Cybersecurity: The Takeover of the Internet

By Luis R. Miranda
The Real Agenda
May 1, 2010

In the United States, a recent version of a bill was passed by the House Of Representatives, which will give the Federal cybersecurityCommunications Commission (FCC) complete dominion over the web. The bill includes the creation of a new sector of internet security which will include the training, research and coordination of cyberspace. It allows the National Institute of Standards and Technology (NIST) to create a program to recruit children from Kindergarten up to 12 years old to teach them how to carry out internet surveillance, as part of the new Cyber Army. The scholarship program that will fund the training will teach the students how to create and identity management systems used to control access to the web, computer networks, and data. It will also create a series of standards which all service providers will have to meet in order to remain active. Internet users will have to put up with endless requirements, which include the use of government issued software. Bye, bye Linux!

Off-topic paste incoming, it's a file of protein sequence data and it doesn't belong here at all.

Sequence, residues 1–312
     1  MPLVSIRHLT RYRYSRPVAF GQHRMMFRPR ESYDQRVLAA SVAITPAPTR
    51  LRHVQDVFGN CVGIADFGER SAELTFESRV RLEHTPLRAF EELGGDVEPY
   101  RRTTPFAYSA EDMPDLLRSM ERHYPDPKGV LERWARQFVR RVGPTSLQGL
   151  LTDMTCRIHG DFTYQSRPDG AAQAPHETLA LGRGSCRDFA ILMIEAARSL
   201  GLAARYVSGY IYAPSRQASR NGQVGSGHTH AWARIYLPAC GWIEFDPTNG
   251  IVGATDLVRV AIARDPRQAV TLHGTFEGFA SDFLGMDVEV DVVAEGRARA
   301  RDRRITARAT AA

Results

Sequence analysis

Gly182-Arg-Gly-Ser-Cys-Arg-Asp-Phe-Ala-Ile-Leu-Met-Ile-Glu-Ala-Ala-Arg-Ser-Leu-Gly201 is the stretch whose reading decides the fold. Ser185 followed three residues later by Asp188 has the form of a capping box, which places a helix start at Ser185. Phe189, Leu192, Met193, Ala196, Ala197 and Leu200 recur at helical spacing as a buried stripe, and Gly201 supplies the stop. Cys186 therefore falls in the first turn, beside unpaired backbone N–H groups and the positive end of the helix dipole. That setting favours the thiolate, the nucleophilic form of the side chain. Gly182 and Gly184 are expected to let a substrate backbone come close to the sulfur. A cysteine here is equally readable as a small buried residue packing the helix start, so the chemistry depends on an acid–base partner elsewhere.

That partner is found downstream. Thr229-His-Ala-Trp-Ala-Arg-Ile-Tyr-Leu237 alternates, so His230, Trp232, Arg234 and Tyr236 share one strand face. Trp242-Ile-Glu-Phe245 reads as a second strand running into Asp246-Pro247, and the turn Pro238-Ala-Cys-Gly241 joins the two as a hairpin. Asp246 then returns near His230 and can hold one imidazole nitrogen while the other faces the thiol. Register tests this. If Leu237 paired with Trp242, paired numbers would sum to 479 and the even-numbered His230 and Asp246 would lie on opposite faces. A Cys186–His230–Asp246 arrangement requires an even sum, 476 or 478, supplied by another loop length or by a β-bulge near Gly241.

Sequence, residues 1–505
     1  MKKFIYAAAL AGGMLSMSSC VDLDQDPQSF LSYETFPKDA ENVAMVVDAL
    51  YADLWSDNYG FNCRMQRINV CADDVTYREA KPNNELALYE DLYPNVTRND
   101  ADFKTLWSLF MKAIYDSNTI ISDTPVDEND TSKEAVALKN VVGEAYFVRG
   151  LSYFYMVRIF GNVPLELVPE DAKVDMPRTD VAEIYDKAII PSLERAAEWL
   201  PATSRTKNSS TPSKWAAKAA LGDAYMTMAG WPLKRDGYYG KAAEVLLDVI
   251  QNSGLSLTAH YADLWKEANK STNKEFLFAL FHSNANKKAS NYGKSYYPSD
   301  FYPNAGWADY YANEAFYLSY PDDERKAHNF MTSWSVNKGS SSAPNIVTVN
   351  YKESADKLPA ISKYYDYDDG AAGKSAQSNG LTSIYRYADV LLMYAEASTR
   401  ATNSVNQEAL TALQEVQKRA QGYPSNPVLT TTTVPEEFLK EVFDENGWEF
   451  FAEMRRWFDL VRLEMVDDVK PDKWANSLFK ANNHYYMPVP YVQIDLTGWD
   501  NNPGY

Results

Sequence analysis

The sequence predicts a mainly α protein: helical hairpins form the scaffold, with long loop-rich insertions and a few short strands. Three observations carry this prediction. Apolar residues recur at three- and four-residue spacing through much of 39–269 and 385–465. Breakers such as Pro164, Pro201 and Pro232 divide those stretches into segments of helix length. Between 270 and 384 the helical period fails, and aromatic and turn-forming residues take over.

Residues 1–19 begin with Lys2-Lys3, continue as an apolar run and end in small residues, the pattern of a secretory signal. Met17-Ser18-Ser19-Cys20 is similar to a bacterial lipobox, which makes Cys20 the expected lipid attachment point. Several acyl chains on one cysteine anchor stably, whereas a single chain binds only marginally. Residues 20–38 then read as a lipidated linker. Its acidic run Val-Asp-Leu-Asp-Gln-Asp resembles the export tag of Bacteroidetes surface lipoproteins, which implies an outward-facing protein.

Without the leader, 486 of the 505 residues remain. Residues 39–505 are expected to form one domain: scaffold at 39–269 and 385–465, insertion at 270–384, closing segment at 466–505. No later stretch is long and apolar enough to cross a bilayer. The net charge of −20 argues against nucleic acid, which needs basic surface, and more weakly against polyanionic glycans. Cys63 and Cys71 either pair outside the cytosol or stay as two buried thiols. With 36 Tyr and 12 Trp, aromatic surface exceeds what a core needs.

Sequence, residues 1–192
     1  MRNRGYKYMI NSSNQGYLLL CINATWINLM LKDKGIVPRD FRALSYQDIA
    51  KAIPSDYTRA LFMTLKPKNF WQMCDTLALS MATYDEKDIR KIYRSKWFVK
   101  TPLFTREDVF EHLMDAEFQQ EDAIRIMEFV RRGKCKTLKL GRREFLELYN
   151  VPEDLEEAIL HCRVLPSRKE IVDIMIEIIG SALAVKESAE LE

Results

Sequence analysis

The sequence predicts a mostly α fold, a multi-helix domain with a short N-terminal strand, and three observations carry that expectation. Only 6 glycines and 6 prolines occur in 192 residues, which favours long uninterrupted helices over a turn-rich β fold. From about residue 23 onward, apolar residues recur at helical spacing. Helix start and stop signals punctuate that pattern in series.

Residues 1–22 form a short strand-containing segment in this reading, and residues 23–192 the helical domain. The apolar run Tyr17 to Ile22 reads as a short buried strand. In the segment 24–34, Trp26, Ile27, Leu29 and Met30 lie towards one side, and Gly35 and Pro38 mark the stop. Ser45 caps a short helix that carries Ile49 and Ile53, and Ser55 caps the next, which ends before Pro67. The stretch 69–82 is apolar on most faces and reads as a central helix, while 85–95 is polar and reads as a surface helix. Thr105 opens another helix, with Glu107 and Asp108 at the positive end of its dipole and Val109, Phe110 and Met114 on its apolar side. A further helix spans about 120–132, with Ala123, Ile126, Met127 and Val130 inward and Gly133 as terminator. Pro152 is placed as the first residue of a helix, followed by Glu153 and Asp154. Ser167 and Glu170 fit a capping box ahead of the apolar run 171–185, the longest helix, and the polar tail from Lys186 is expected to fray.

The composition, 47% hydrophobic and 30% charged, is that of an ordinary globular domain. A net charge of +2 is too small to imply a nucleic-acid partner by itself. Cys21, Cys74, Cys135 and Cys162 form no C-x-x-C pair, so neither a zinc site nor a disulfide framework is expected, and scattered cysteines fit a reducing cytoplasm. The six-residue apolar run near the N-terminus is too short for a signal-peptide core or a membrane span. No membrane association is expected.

In section 12, subsection 4, the document reads: “We shall provide a procedure to identify K-12 students to participate in summer work and internship programs that will lead to the certification of a federal information technology workforce standards…” In other words, anyone who intends to work anywhere close to the internet, will need to be certified by the federal government, and the federal government will assure itself it will have the “humans resources” to carry this plan out by recruiting children as young as 5 years of age.

Besides the programs described above, the bill also talks about the creation of new protocols that will provide enhanced security. All software made available will have to first be reviewed by the government and then pre-aproved. Again, bye bye open source! Coincidentally, Google has announced the creation of their own version of the internet; which many worried citizens recognize as a beta test for the coming internet 2.0. Among some of the suggested practices that would be adopted under this internet 2.0, is the use of biometric identification in order to access the web. This would allow the government and its technology partners -AKA Microsoft, Google, AT&T, Verizon and others- to further monitor anyone who uses the web, since such identification would narrow down the work to a single individual operating from a specific computer at a specific location. This type of practices have been put in place by technology manufacturers in computers, external hard drives and other devices, which were biometrically enabled. Recently, Microsoft unveiled the latest version of their Xbox game console which features a 5 megapixel camera that activates on movement and recognizes specific body movements.